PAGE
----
The mornings I have to myself, I take my time getting ready. I have long, stick-straight hair, and it gets really tangled. I use the Tangle Teezer. It’s not a pretty brush; you don’t want anyone to see that you have it. But it’s amazing how easily it cuts right through. I brush my hair with it before I get in the shower, get all the tangles out, then finger-comb it when I get out. I use VERB Shampoo and Conditioner, which is made by two Bumble & Bumble alums and is one of the few sulfate-free shampoos I’ve found that doesn’t leave my hair feeling like straw.
I wash both body and face with The Dead Sea Warehouse Original Salt Bar. I have no idea how I first found it, but its quirky packaging and promise of “kissing the itchies goodbye” won me over. When I want to linger, I’ll use some Fig + Yarrow Sea Scrub, which I kid myself into believing is especially detoxifying because it has “sea” in the name. For moisture, I use Portland Apothecary Body Oil. It keeps my skin smooth and soft, especially when I use it right after the shower. It smells lightly of rose and cedar, but it’s not an overpowering scent, and you don’t have to use much.
Do you wear makeup?
Some days I do and some days I don’t, depending on where I’m going. On makeup days, I always use Stowaway Creaseless Concealer because it does double duty under my eyes and on any blemishes, plus it’s small enough to take along for touchups in even the tiniest of clutches. I’ll use Alima Pure Mascara, which is a natural mascara that works as well as any department store brand. It goes on smoothly and doesn’t clump. And then have you heard of this amazing blush called NARS Orgasm?!! Just kidding. I know everyone uses it, but it really is the best.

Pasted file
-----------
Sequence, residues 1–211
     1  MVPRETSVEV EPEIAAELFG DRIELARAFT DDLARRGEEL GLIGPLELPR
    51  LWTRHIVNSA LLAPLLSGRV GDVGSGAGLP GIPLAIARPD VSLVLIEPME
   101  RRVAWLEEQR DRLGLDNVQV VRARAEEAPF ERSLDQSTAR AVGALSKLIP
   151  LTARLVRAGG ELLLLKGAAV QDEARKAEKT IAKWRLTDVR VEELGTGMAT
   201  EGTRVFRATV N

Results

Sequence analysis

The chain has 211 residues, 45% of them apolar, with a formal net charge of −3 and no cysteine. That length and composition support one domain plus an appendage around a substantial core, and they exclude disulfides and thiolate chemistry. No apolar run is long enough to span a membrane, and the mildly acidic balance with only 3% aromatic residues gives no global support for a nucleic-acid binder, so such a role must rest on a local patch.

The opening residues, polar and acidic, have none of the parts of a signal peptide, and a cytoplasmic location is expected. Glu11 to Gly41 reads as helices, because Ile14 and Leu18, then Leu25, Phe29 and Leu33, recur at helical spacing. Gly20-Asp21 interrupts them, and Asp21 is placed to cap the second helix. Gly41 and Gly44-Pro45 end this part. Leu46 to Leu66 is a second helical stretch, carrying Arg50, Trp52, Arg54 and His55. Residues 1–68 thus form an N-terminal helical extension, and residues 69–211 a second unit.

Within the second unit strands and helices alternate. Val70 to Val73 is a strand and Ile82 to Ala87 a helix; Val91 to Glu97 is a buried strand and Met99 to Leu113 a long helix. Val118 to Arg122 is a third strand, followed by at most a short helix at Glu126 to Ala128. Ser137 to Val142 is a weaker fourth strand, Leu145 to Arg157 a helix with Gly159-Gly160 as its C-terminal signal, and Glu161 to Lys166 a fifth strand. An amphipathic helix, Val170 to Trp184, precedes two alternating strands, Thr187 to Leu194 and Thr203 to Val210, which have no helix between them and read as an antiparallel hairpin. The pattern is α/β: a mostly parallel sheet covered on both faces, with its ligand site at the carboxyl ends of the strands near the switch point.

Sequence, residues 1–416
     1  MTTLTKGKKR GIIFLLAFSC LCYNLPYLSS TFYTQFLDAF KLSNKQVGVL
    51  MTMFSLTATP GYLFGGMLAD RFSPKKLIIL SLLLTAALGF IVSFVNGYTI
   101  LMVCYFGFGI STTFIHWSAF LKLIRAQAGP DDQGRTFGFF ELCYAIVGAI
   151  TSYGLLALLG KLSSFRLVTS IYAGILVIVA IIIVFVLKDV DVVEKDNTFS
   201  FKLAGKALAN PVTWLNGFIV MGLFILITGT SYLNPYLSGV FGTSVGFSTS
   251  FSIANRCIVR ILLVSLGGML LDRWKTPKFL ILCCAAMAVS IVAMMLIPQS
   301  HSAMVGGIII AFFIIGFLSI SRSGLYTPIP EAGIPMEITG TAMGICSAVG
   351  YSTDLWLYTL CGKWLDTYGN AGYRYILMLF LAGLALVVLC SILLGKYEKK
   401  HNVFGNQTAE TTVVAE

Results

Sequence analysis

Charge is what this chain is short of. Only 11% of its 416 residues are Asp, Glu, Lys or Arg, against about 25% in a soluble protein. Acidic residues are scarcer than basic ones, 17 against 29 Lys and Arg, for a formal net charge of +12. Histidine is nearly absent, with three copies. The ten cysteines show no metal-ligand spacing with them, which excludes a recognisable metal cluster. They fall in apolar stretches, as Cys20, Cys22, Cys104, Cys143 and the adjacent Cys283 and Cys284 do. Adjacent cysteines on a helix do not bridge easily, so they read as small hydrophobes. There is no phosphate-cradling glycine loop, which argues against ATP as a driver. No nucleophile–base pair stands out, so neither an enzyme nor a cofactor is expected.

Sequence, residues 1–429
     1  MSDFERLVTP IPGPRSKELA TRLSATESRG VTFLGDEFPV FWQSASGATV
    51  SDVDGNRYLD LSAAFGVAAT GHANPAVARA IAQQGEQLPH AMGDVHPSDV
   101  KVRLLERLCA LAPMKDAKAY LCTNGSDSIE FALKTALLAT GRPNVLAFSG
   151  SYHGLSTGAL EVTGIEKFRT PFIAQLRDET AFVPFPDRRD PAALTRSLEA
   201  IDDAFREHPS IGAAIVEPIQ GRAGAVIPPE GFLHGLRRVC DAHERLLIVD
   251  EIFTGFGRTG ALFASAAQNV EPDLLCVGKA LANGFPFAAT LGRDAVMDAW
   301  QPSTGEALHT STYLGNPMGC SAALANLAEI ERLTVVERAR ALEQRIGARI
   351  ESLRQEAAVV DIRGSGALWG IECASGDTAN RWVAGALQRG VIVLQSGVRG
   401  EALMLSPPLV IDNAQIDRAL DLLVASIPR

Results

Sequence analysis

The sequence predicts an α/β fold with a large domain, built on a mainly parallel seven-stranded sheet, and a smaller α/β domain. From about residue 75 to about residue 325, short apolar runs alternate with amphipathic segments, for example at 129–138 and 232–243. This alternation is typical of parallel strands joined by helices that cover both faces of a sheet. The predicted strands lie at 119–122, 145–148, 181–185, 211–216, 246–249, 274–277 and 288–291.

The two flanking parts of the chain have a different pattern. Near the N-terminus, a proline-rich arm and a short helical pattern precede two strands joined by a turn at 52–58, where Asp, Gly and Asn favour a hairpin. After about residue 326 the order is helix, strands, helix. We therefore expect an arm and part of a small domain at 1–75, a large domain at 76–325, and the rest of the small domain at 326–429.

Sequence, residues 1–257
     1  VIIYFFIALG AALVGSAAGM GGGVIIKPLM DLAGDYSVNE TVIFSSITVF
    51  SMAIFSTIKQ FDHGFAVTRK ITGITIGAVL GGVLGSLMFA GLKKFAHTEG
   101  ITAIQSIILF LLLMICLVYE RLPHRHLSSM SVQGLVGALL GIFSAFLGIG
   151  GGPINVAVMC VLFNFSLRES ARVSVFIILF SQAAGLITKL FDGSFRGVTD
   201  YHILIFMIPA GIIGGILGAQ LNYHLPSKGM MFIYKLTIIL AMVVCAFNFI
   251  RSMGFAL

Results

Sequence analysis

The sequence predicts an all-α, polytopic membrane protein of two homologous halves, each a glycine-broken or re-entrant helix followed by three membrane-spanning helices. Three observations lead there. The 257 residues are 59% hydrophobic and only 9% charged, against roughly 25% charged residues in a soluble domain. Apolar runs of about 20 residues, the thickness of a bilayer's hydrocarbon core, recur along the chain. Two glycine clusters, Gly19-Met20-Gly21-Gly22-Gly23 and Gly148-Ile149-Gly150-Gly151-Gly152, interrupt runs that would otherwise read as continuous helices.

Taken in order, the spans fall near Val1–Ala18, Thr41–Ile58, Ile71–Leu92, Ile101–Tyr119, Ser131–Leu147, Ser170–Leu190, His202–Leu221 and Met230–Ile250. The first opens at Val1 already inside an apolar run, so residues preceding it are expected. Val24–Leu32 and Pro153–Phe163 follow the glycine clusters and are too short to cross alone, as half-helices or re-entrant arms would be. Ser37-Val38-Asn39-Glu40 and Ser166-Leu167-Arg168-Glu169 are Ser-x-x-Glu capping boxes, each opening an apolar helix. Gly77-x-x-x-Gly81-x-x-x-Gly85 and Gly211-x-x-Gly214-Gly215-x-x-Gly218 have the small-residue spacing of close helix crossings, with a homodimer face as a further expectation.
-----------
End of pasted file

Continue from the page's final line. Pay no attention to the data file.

Do you have a “game-changing” beauty product?
Everyone says lipstick is a great pick-me-up, and it definitely is. ILIA Wild Child is bright, chic and organic. It just makes you feel good. I might have huge bags under my eyes, but if I put on red lipstick it changes my outlook for the day. I’ve given it to a bunch of friends, and everyone finds it flattering.